(Any higher, again depending on the persons size you could be at risk of losing vital muscle, not fat)

Now, their “free foods” and that you can have an unlimited amount. This is bad advice! Their free foods all contain calories.

As mentioned in the NHS negitive points not educating on calories and portion sizes is only going to lead to getting stuck and weight loss stopping.

Again, I would say that the SW leaders have no nutritional education, they are only tought the SW system.

And now the worst of the 3 in my eyes…

Cambridge Diet

What the NHS has to say…

The Cambridge Weight Plans are based around buying and eating a range of meal-replacement products with the promise of rapid weight loss. There are six flexible diet plans ranging from 415 calories to 1,500 calories or more a day, depending on your weight loss goal. There is also a long-term weight management programme. The bars, soups, porridges and shakes can be used as your sole source of nutrition or together with low-calorie regular meals. While on the programme, you receive advice and support on healthy eating and exercise from a Cambridge adviser.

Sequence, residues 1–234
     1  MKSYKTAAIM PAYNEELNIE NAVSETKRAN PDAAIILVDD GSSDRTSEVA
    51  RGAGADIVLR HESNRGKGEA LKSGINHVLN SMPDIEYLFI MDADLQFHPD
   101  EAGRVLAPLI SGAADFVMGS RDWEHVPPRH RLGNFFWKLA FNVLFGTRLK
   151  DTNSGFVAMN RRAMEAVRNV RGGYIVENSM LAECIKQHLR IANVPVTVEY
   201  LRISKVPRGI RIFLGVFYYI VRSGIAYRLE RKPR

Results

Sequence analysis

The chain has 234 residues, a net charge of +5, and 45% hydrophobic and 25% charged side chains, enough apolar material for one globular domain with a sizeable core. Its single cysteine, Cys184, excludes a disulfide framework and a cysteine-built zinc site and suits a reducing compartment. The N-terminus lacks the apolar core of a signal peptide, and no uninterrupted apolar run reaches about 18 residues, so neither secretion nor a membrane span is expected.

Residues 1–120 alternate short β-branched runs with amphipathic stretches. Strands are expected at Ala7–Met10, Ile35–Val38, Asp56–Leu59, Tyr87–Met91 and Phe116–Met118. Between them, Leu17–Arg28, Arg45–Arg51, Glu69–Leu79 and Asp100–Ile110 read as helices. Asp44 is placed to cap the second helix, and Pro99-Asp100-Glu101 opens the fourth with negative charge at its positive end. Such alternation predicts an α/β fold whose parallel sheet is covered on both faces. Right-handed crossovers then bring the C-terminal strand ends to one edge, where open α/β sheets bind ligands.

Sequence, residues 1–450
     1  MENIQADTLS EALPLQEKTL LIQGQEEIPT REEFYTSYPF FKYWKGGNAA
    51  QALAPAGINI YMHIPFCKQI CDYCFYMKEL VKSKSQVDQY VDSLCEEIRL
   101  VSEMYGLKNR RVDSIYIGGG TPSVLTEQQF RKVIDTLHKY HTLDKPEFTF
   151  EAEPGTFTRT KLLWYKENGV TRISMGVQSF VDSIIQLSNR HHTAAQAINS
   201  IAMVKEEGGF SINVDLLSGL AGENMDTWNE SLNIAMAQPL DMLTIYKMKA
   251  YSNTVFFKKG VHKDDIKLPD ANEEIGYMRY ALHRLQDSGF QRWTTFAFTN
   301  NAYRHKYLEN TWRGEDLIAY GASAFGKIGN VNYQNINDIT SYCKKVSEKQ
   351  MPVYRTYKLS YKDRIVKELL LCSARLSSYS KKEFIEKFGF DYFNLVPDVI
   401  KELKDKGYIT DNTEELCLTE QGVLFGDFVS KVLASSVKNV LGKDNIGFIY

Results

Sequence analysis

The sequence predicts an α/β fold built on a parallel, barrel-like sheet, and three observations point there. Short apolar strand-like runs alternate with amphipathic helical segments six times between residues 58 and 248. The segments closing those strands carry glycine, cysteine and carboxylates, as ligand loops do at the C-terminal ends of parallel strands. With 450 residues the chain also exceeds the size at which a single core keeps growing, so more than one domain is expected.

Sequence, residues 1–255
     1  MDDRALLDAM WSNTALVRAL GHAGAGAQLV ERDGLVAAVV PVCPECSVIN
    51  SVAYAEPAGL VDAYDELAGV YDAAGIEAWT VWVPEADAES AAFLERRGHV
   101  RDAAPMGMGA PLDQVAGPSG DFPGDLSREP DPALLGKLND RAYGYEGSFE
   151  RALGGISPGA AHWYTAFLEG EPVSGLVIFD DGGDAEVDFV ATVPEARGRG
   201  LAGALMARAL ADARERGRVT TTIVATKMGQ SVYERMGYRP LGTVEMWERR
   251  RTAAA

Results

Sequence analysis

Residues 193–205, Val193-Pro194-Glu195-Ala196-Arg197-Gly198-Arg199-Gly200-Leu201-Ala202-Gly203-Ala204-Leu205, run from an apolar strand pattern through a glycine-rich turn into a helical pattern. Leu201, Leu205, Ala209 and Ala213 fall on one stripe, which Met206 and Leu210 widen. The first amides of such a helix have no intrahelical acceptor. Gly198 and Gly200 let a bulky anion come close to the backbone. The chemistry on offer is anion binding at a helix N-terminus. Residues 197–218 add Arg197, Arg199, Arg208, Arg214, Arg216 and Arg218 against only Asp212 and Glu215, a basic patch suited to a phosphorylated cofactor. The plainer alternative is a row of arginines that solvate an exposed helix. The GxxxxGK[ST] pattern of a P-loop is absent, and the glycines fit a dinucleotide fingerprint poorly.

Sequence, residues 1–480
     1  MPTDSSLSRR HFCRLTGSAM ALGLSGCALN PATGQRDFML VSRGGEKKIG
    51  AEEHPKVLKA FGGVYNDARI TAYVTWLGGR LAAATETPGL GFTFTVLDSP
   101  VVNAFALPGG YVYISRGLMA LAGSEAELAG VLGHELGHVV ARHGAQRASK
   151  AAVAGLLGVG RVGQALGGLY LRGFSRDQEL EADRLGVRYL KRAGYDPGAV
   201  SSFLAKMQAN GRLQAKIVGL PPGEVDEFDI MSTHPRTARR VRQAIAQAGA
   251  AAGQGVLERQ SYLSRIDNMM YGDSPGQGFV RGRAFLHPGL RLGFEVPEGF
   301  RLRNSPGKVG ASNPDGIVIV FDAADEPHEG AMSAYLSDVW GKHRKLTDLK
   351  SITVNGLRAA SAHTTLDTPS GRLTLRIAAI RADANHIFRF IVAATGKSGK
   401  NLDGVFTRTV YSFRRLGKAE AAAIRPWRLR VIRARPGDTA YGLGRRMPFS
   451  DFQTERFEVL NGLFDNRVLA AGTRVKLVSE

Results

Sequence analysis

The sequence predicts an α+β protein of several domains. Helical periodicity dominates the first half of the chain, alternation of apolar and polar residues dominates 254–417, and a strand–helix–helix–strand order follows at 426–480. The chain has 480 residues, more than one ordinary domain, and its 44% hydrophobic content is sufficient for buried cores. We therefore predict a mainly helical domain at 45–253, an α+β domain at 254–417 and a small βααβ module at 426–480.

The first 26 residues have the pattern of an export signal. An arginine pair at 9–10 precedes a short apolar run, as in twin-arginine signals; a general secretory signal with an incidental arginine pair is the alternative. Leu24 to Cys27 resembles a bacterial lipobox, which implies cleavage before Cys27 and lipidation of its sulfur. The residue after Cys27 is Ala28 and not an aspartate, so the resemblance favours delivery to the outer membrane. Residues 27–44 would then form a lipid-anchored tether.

Many people on very low calorie diets find the weight loss to be sudden and quite dramatic. The meal replacements are all nutritionally balanced, so you’re likely to be getting all the vitamins and minerals you need, albeit not from real food.

Initial side effects can include bad breath, a dry mouth, tiredness, dizziness, insomnia, nausea and constipation from cutting down on carbs and fibre. The hardest part of the plan is sticking to it. Giving up normal meals and swapping them for a snack bar or a shake can be boring and feel socially isolating. This isn’t a plan you can stick to in the long term.

BDA verdict:
You need to like the meal replacement products to stay with the plan. Rapid weight loss can be motivating, but it is unsustainable. A very low calorie diet that involves eating 1,000 calories a day or fewer should not be followed for more than 12 continuous weeks. If you are eating fewer than 600 calories a day, you should have medical supervision.

My verdict:

This is a very low calorie plan which they start you off on three of their products a day. From what I have seen they start you off at around 600 calories a day.

The six flexible plans are their steps. Step one starts you off with just their products. As you go through the steps you get to add more meals.

I sent out an email a while ago and said that if everyone jumped to six 5 they would be given 1100 calories and have to buy some of their products.

Now, if everyone just ate 1100 calories, without the CD products, everyone would lose weight (outside of medicale complications like PCOS).

And look at the list of negatives the NHS mention too, “bad breath, a dry mouth, tiredness, dizziness, insomnia, nausea and constipation”…very nice.